1. "All the President's Men" (1976): The story of Watergate was well known by the time Alan Pakula's film came out. It shouldn't have been so gripping. After being re-watched a dozen times, it shouldn't be so gripping. It remains the most indelible and inspirational movie about journalism and a master class in, among other things, cinematography (courtesy Gordon Willis) and phone acting (courtesy Redford). Still, "The Post" is a necessary double-bill to "All the President's Men," which edges Washington Post publisher Katharine Graham out of the story. (Rent: Amazon, iTunes, Google Play)
2. "His Girl Friday" (1940): The 1928 Broadway play "The Front Page" has for decades since been a boon to the movies, including several terrific adaptations beginning with the recently restored 1931 film. But Howard Hawks' version, which flipped the reporter character female (played by the brilliant Rosalind Russell), is simply cinema at its most sublime. The news business is fast-paced but "His Girl Friday" is a blur; it's been clocked at 240 words per minute, about double the rate of normal speech. (Stream: Amazon, epix. Rent: Google Play, iTunes, Vudu)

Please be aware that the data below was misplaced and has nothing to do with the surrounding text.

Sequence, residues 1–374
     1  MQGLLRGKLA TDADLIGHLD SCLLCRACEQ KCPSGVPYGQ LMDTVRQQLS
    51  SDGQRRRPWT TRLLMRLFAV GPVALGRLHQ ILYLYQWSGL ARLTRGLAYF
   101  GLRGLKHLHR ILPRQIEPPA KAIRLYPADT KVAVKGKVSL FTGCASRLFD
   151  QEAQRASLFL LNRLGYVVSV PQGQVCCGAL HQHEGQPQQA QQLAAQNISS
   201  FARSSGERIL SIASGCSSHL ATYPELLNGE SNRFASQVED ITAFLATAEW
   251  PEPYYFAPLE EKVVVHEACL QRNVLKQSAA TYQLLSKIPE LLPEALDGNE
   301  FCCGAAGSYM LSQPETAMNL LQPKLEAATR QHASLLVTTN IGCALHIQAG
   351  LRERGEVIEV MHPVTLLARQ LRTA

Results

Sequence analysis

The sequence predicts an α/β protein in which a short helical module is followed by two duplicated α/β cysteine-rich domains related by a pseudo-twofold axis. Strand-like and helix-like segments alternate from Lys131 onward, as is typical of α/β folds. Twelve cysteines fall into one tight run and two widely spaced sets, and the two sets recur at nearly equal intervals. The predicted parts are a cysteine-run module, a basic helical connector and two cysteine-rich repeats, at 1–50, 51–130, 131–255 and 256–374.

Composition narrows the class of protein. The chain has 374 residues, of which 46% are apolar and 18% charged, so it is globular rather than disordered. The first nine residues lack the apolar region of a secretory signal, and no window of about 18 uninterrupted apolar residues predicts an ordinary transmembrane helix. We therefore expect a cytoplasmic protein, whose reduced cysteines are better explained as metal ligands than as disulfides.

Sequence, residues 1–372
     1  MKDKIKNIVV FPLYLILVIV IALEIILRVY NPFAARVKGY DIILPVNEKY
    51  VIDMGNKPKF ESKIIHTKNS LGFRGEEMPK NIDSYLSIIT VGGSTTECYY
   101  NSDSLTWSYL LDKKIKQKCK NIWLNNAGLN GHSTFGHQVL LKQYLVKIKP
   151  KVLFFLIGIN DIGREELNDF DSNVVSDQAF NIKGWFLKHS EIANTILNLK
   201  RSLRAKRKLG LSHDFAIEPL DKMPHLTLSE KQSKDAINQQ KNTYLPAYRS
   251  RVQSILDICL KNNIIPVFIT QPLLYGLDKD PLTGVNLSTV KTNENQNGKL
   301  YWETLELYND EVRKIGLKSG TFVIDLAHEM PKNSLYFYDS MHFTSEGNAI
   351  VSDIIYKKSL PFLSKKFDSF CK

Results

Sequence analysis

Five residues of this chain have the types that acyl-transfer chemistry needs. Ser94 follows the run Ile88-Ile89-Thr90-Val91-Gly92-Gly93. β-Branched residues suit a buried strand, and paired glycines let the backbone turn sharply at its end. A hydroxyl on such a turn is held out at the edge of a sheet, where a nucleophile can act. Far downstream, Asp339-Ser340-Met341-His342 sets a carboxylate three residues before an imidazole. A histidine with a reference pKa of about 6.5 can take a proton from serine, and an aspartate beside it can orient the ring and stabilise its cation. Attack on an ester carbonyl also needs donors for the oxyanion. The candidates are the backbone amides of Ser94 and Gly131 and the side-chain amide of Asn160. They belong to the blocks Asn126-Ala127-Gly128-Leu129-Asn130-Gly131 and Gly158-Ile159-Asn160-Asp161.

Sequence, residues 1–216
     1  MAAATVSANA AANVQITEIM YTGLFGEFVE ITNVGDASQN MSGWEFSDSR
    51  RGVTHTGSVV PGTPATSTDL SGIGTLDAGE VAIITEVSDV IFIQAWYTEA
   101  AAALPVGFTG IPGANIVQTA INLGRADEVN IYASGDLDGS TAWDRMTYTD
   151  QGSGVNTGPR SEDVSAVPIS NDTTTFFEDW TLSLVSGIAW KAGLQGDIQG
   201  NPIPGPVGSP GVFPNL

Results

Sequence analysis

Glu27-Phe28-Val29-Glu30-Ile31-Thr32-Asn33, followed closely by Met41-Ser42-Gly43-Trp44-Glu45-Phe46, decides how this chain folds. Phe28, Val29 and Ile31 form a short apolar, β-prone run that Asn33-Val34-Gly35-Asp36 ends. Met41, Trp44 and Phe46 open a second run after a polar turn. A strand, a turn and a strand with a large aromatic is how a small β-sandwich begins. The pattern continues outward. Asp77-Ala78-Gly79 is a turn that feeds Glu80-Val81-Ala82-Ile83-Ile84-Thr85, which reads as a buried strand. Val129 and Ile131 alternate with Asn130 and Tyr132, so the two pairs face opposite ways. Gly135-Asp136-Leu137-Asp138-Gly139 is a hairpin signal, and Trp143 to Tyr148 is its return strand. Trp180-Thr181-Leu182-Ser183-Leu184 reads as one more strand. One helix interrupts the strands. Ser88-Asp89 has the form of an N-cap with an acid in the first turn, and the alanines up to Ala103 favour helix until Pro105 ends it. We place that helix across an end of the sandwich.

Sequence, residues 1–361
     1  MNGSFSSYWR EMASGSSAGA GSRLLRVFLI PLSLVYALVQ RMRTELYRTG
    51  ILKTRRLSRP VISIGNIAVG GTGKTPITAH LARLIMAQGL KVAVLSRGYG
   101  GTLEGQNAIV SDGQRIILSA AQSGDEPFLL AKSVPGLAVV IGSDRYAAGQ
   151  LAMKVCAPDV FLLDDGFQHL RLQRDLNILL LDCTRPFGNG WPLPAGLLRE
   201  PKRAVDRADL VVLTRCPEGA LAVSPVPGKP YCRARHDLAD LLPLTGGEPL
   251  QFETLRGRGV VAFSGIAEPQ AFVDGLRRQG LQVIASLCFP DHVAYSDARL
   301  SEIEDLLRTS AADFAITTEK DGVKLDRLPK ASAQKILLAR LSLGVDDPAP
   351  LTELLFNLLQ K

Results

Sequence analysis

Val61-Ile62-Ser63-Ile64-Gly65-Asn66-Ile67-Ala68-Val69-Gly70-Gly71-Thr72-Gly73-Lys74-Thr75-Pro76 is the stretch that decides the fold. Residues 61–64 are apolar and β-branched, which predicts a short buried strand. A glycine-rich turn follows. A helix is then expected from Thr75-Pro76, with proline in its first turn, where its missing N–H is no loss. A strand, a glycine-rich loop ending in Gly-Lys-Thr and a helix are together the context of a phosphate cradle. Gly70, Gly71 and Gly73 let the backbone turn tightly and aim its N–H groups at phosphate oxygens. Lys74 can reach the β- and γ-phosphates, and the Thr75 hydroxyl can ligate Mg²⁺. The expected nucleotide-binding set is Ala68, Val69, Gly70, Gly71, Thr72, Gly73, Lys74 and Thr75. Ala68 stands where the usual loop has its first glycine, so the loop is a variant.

3. "Sweet Smell of Success" (1957): The dirtier side of the funny papers is turned out in this gloriously nasty noir about a megalomaniac columnist (Burt Lancaster) and a desperate press agent (Tony Curtis). The shadows and the dialogue ("The cat's in the bag and the bag's in the river") are to be savored. (Stream: FilmStruck. Rent: iTunes)
4. "Zodiac" (2007): Obsession is the defining quality of David Fincher's sprawling, open-ended drama about San Francisco's Zodiac killer. Not only are its characters obsessed with the case, Fincher's paranoid, searching movie is itself subsumed by it. Especially good is Robert Downey Jr.'s charming, swaggering journo Paul Avery. (Stream: Amazon, Hulu, epix. Rent: Amazon, iTunes, Google Play, Vudu)
5. "Ace in the Hole" (1951): "Bad news sells best. 'Cause good news is no news," says Kirk Douglas' plotting, amoral reporter in Billy Wilder's yellow journalism classic. It's a still-scathing indictment of sensationalist journalism, in which Douglas' Chuck Tatum stumbles onto a scoop in Albuquerque, and won't let go. (Rent: Vudu, Microsoft Store)